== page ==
I love working with smart, compassionate, driven, and honest people who share a goal of making the world a better place – naturally in healthcare this can create a high pressure and at times stressful environment.

            Two aspects of working in healthcare that I find particularly challenging are the increasing amount of paperwork required by physicians to provide care and the ever growing hurdles patients have to jump through in order to access to high quality healthcare.

What are three things that you are grateful for?




What excites you outside medicine?

            I deeply enjoy spending time in nature, spending time with my loved-ones, learning about innovative technologies and companies and learning about the world I live in.

 What advice do you have for students interested in healthcare?

            Perseverance, hard work, integrity, and intellectual honesty can be rewarded by a lifetime of fulfilling work. If you are interested – seek out mentorship and commit yourself. The harder you work for your patients the better off they will be. And remember – just as much as you can make things better for you patients and community, you can also make things worse – so be honest with yourself and your patients.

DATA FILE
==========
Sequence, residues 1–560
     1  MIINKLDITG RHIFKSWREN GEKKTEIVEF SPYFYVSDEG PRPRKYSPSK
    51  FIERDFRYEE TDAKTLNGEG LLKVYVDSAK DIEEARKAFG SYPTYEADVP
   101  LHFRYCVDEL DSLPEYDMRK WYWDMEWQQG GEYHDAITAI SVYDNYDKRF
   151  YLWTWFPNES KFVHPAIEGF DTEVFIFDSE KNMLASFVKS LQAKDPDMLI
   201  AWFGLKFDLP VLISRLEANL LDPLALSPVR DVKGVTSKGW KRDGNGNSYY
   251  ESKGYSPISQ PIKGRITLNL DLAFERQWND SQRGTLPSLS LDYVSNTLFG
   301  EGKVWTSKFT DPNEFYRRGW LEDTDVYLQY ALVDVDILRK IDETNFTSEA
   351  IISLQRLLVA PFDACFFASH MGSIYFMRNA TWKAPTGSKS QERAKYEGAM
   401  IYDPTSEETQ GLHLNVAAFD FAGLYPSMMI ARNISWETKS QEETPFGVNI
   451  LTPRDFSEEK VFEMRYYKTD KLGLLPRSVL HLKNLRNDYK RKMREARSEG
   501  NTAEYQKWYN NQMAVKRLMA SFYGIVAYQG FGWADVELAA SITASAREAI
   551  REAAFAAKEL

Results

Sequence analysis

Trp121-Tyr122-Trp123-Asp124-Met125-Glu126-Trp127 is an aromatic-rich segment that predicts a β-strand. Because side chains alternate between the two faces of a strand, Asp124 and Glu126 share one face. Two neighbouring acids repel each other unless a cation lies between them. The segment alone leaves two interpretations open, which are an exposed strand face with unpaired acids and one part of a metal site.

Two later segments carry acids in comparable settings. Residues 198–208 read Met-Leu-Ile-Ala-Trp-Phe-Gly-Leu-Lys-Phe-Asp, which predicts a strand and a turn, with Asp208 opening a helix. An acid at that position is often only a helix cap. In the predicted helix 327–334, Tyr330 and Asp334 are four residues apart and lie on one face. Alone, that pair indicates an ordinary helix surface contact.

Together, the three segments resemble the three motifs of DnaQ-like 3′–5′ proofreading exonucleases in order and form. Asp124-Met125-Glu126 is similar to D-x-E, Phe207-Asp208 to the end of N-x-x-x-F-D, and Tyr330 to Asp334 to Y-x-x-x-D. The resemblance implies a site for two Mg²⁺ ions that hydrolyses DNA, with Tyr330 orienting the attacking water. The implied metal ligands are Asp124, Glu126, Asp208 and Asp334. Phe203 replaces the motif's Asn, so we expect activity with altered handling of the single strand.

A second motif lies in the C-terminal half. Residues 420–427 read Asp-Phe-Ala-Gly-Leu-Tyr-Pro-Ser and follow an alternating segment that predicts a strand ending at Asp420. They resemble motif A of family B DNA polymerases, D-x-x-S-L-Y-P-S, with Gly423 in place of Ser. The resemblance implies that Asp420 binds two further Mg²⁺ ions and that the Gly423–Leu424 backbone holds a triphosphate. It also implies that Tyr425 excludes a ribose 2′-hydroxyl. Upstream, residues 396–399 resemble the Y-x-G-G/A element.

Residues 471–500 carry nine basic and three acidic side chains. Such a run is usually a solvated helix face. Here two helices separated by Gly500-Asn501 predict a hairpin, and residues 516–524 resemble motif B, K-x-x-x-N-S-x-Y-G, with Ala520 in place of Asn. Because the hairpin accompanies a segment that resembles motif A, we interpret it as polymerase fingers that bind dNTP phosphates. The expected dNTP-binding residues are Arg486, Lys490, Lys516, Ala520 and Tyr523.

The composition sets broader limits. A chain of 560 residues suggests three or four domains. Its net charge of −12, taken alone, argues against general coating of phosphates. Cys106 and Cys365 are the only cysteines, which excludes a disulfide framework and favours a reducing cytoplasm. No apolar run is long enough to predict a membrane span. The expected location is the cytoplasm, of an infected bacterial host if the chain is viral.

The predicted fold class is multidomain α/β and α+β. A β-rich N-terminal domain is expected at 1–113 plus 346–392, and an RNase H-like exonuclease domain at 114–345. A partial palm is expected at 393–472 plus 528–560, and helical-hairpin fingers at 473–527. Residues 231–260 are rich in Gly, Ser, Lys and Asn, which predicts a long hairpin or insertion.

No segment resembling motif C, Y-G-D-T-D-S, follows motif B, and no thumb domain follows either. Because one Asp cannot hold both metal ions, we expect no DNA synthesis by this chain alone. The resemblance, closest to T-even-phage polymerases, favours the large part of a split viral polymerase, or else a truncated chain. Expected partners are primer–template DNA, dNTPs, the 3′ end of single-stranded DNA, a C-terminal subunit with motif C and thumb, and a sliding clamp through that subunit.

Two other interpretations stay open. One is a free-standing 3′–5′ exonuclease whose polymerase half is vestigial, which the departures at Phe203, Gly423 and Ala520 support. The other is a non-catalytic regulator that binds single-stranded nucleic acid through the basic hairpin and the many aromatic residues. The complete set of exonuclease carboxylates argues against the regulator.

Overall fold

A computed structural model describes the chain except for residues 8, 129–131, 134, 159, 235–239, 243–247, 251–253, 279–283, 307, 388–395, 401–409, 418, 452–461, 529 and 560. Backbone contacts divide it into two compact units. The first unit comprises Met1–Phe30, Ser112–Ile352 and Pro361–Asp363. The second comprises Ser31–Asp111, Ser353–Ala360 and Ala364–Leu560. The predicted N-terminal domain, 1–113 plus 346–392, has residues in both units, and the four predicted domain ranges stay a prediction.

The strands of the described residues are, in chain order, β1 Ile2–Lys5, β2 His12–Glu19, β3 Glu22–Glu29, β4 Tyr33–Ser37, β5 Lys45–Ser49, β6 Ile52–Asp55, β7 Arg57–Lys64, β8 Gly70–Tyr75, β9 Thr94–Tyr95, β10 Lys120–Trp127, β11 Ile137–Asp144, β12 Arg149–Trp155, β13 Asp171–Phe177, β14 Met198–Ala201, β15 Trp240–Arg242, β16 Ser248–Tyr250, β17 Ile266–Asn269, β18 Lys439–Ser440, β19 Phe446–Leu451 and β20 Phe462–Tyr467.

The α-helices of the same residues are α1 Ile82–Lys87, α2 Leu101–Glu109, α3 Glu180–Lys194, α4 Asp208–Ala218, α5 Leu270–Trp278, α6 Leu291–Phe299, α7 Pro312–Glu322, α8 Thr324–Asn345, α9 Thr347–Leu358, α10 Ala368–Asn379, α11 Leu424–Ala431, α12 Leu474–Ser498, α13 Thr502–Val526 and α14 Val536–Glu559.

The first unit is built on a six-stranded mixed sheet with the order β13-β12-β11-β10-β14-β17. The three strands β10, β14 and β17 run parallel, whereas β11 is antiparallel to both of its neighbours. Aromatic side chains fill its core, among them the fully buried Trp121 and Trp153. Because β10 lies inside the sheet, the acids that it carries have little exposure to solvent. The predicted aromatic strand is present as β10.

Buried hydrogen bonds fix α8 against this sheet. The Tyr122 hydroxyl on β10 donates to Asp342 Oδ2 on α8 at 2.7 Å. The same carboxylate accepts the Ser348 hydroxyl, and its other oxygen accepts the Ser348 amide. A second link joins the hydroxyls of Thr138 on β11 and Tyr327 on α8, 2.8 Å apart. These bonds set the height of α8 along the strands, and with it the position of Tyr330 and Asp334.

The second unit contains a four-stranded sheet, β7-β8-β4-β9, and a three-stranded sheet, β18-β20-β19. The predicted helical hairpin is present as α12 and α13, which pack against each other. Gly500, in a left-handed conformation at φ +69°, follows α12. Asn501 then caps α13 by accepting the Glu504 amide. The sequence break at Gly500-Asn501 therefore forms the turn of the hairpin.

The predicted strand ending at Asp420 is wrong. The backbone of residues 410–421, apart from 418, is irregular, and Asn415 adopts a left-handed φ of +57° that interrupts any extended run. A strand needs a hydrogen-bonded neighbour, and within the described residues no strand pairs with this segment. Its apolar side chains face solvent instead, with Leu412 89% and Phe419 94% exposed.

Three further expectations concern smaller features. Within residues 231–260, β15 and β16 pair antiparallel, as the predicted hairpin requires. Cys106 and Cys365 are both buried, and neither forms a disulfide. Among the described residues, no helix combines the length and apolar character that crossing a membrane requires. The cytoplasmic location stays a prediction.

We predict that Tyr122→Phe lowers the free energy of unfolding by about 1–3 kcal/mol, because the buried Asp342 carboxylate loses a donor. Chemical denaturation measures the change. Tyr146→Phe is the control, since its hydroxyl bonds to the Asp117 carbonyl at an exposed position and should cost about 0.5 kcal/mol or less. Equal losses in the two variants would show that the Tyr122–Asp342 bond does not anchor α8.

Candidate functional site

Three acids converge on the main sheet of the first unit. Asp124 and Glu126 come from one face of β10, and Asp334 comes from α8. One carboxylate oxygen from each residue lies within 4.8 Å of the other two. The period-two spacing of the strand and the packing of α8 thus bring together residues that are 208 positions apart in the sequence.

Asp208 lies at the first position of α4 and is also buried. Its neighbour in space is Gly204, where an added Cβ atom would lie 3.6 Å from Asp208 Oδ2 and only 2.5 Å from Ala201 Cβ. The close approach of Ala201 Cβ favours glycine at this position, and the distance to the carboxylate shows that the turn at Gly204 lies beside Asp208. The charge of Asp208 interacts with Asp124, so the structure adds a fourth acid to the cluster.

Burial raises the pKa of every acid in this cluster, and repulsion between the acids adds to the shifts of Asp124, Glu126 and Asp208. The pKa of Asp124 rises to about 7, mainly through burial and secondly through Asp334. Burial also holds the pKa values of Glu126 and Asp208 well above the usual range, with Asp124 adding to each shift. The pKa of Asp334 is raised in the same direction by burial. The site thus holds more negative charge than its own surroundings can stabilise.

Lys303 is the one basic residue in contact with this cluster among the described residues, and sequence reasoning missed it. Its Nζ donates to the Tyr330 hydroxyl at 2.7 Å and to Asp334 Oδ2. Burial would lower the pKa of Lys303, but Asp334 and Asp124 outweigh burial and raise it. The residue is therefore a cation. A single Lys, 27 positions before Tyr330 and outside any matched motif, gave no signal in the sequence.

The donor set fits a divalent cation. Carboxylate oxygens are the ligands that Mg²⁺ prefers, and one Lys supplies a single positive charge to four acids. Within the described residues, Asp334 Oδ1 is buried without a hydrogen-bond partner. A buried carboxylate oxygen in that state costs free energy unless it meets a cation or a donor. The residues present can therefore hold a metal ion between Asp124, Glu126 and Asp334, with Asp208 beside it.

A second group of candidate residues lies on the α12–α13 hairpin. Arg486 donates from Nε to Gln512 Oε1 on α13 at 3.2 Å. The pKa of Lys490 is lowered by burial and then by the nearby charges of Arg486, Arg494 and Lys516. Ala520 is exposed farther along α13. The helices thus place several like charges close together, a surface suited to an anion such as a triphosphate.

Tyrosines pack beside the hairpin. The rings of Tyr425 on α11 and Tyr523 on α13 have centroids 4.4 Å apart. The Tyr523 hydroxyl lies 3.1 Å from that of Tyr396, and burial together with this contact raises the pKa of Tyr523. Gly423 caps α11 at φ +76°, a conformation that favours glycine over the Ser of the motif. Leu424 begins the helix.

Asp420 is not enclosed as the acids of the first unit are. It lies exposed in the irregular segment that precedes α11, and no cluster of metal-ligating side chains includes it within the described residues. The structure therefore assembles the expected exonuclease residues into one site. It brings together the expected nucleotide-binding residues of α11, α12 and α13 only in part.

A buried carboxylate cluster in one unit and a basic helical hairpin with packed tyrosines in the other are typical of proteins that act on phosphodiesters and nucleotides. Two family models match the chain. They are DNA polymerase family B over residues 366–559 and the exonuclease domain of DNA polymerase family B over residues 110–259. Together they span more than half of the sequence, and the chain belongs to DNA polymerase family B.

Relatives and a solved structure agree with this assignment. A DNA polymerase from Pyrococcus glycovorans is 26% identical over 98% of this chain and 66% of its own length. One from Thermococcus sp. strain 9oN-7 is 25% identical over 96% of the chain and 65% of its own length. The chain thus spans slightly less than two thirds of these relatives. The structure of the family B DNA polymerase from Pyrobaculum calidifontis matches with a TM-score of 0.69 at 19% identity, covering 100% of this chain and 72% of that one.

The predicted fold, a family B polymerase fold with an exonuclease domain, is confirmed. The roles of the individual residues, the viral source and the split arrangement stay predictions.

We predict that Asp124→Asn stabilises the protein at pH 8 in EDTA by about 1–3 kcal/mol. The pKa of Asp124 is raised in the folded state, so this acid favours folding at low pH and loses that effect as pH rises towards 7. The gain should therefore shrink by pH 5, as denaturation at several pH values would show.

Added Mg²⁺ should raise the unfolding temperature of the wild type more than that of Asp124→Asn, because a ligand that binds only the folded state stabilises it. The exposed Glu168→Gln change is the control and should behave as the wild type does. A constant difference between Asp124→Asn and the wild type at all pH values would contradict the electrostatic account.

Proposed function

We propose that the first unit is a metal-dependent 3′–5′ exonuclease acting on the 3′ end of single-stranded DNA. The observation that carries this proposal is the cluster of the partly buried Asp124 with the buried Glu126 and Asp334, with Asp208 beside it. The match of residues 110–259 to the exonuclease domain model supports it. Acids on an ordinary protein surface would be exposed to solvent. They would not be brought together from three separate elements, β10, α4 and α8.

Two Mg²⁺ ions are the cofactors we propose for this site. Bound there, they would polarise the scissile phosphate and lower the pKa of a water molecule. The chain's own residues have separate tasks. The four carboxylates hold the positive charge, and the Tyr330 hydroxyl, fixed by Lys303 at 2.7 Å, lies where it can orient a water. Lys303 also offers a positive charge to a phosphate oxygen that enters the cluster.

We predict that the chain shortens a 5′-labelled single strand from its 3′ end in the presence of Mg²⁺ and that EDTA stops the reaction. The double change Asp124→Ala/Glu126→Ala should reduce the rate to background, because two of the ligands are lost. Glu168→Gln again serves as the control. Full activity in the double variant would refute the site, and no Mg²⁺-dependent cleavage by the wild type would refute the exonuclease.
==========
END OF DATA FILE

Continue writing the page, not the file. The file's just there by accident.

What do you think the student of today needs to be successful in matriculating and graduating from professional school (medicine, nursing, allied health, pharmacy)

            Perseverance, hard work, integrity, and intellectual honesty.

How would you advise or guide students to develop leadership skills, community outreach experience, research opportunities and clinical shadowing?

            Seek mentorship early and broadly – a mentor can come from anywhere – your community, a friend of a friend, or a professional you admire and decide to reach out to. Don’t be afraid to reach out to someone you admire, most people are willing and excited to talk to younger motivated students that seek their wisdom.

How can we support and guide students to achieve good grades and be successful in standardized exams?

            Like any other activity, being a good student requires the right “muscles” (skills) and “connective tissues” (support systems) – so exercise your abilities as a student often and rigorously.